The word sobriety in and of itself can have different meanings depending on who you are talking to. While some physical dependence will remain while you are on Suboxone (which may eventually be tapered off), cravings and compulsive use behaviors are reduced.1,6,7
Indeed, there has been some controversy over the use of MAT in recovery. Advocates say it is an essential component in recovery for huge numbers of people since opioid addiction is a medical disorder with a neurological basis.7,9 From this perspective, the use of Suboxone is not just substituting one drug for another but rather a safe and controlled way of recovering from opioid addiction.9
You need to do what works best for you, and a good starting place is discussing your options with your treatment provider.
On the other hand, some programs adhere to a policy of complete abstinence from substances and may view using opioid medications as trading one addiction for another.
Ultimately, you need to do what works best for you, and a good starting place is discussing your options with your treatment provider or a Suboxone doctor. While being entirely free of any substance may be something that you strive for in the future, the important thing is that you are getting help for your addiction and working to improve your overall functioning.
Looking for Treatment? What to Ask About
Not every rehab or outpatient program will incorporate the use of Suboxone, so it’s important that you ask about it ahead of time if you want to utilize this medication as part of MAT.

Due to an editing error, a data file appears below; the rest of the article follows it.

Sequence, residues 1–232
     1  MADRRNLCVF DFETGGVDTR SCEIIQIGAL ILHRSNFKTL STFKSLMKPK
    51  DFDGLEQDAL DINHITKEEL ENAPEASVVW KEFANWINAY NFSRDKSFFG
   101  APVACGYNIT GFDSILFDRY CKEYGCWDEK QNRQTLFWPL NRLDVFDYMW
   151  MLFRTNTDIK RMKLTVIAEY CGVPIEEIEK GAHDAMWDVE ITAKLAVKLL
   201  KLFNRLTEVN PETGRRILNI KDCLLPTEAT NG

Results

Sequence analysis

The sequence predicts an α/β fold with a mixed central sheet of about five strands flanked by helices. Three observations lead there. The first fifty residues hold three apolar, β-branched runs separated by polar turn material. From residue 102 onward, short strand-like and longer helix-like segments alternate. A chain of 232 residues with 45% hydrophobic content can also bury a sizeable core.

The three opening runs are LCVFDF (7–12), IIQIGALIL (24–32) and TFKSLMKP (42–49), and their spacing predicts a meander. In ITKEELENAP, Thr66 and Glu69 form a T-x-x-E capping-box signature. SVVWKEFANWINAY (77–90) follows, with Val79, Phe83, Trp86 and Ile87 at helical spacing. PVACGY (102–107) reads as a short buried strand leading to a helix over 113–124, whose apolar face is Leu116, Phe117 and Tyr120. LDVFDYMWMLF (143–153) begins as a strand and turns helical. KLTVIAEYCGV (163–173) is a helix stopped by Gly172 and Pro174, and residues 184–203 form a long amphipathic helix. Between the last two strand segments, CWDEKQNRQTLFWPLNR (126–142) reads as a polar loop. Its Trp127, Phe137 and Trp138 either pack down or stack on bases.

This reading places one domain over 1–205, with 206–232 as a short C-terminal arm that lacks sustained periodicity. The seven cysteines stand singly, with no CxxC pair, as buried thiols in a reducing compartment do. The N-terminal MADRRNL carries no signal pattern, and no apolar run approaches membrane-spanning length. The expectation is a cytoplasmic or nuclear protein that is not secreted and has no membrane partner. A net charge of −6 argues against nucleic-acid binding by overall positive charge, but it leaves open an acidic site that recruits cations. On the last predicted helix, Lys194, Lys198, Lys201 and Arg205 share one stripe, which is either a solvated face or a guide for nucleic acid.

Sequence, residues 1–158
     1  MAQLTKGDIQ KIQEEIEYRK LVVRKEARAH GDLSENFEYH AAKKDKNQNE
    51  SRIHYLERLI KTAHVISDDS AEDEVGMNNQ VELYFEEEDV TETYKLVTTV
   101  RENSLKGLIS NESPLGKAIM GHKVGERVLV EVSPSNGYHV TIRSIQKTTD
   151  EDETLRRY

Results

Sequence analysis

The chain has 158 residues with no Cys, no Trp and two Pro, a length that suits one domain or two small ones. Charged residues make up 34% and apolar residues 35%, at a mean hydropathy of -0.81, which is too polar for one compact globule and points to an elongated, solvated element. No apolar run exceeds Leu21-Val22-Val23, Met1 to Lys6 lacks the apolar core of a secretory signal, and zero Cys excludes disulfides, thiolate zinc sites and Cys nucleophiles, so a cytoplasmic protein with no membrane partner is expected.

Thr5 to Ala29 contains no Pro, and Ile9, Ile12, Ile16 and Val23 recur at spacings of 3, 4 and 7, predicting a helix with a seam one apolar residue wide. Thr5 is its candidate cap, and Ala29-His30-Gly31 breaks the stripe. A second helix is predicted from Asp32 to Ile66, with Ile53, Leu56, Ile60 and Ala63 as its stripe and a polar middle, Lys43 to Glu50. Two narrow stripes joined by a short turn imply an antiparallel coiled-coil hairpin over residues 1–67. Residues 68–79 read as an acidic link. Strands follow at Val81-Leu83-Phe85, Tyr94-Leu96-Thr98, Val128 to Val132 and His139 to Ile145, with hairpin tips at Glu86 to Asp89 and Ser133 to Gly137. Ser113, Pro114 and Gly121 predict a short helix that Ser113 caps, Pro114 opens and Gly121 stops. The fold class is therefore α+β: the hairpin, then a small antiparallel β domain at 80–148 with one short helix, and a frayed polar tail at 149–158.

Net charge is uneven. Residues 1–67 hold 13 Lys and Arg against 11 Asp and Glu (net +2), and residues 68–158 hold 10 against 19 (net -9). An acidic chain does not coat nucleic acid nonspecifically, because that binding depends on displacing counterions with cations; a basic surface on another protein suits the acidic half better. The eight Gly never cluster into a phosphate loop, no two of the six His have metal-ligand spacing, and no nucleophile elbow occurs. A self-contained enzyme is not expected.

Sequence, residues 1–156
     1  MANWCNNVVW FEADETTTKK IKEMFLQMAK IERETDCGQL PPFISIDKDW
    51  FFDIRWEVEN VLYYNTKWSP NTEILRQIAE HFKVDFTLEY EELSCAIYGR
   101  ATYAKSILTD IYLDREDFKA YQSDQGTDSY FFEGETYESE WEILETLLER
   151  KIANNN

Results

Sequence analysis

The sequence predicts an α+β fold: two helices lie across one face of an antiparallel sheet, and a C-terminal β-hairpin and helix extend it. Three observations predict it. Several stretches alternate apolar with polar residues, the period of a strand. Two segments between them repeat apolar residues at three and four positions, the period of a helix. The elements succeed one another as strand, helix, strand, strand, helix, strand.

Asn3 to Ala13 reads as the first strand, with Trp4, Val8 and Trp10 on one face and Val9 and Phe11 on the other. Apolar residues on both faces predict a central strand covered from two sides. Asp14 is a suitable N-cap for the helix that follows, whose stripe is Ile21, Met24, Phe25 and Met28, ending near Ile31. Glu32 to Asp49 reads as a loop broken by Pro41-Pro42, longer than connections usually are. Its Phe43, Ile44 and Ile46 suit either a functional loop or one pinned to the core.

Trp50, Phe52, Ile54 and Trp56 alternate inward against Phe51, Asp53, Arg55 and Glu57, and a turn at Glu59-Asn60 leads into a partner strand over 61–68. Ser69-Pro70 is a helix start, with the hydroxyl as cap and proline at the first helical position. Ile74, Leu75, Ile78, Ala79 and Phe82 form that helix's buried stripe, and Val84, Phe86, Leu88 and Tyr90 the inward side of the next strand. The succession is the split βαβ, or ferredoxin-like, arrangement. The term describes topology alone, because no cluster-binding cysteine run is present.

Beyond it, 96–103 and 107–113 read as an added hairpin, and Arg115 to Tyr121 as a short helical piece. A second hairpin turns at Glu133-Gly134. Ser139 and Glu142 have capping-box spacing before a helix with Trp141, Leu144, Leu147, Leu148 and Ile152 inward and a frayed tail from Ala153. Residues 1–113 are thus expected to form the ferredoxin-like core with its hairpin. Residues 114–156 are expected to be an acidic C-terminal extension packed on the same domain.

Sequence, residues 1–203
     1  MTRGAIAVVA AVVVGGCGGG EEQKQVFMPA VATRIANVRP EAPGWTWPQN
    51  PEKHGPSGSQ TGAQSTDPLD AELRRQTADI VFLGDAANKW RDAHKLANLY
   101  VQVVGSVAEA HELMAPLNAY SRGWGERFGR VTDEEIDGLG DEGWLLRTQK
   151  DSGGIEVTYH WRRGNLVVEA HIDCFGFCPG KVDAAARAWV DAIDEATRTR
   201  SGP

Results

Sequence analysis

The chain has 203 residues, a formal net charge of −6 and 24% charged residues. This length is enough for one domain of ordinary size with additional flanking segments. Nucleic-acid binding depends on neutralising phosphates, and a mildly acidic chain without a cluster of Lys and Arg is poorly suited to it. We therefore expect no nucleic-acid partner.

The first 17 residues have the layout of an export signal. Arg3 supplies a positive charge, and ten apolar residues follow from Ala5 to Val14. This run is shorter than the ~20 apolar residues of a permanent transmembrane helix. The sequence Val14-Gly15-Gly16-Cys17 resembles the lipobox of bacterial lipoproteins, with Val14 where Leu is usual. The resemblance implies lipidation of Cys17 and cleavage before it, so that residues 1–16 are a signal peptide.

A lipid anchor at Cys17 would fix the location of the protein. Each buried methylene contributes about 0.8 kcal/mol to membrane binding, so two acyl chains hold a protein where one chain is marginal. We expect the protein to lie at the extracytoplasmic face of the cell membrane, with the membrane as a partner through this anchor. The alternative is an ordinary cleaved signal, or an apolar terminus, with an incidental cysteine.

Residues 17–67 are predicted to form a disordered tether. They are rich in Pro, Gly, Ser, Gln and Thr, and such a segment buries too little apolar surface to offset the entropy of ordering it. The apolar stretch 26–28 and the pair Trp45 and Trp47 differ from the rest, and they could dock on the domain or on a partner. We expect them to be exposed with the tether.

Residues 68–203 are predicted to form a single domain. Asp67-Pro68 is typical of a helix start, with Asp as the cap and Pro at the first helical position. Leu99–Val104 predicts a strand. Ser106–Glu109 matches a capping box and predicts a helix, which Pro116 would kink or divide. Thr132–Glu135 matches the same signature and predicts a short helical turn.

Other things to ask potential treatment programs include the following:
- Do you take my insurance?
- Do you offer any options for financing or do you utilize a sliding scale to account for people with fewer financial resources?
- Does your program incorporate medical detox?
- What are your staff’s qualifications?
- When do you typically begin the use of medications and how long do you recommend a patient stay on a medication like Suboxone?
It’s always a good idea to ask any questions you have prior to picking a program. Don’t wait until you get into a facility to bring up your concerns. Learn about treatment-without-insurance
- Substance Abuse and Mental Health Services Administration. (2019). Buprenorphine.
- U.S. Department of Health and Human Services. (2004). TIP 40: Clinical Guidelines for the Use of Buprenorphine in the Treatment of Opioid Addiction: Treatment Improvement Protocol (TIP) Series 40.
- United States National Library of Medicine. (2017). MedlinePlus: Buprenorphine Sublingual and Buccal (opioid dependence).
- Substance Abuse and Mental Health Services Administration. (2017). Apply to Increase Patient Limits.
- Sigmon, Stacey C., Bisaga, Adam., Nunes, Edward V., O’Connor, Patrick G., Kosten, Thomas., Woody, George. (2012). Opioid Detoxification and Naltrexone Induction Strategies: Recommendations for Clinical Practice. Am J Drug Alcohol Abuse, 38(3), 187-199.
- Ling, Walter., Mooney, Larissa., Torrington, Matthew. (2015). Buprenorphine for Opioid Addiction. Pain Manag, 2(4), 345-350.
- Substance Abuse and Mental Health Services Administration. (2017). TIP 43: Medication-Assisted Treatment for Opioid Addiction in Opioid Treatment Programs.
- National Institute on Drug Abuse. (2017). Buprenorphine Benefits Waitlisted Seekers of Opioid Treatment.
- National Institute on Drug Abuse. (2018). Principles of Drug Addiction Treatment: A Research-Based Guide (Third Edition): Is the use of medications like methadone and buprenorphine simply replacing one addiction with another?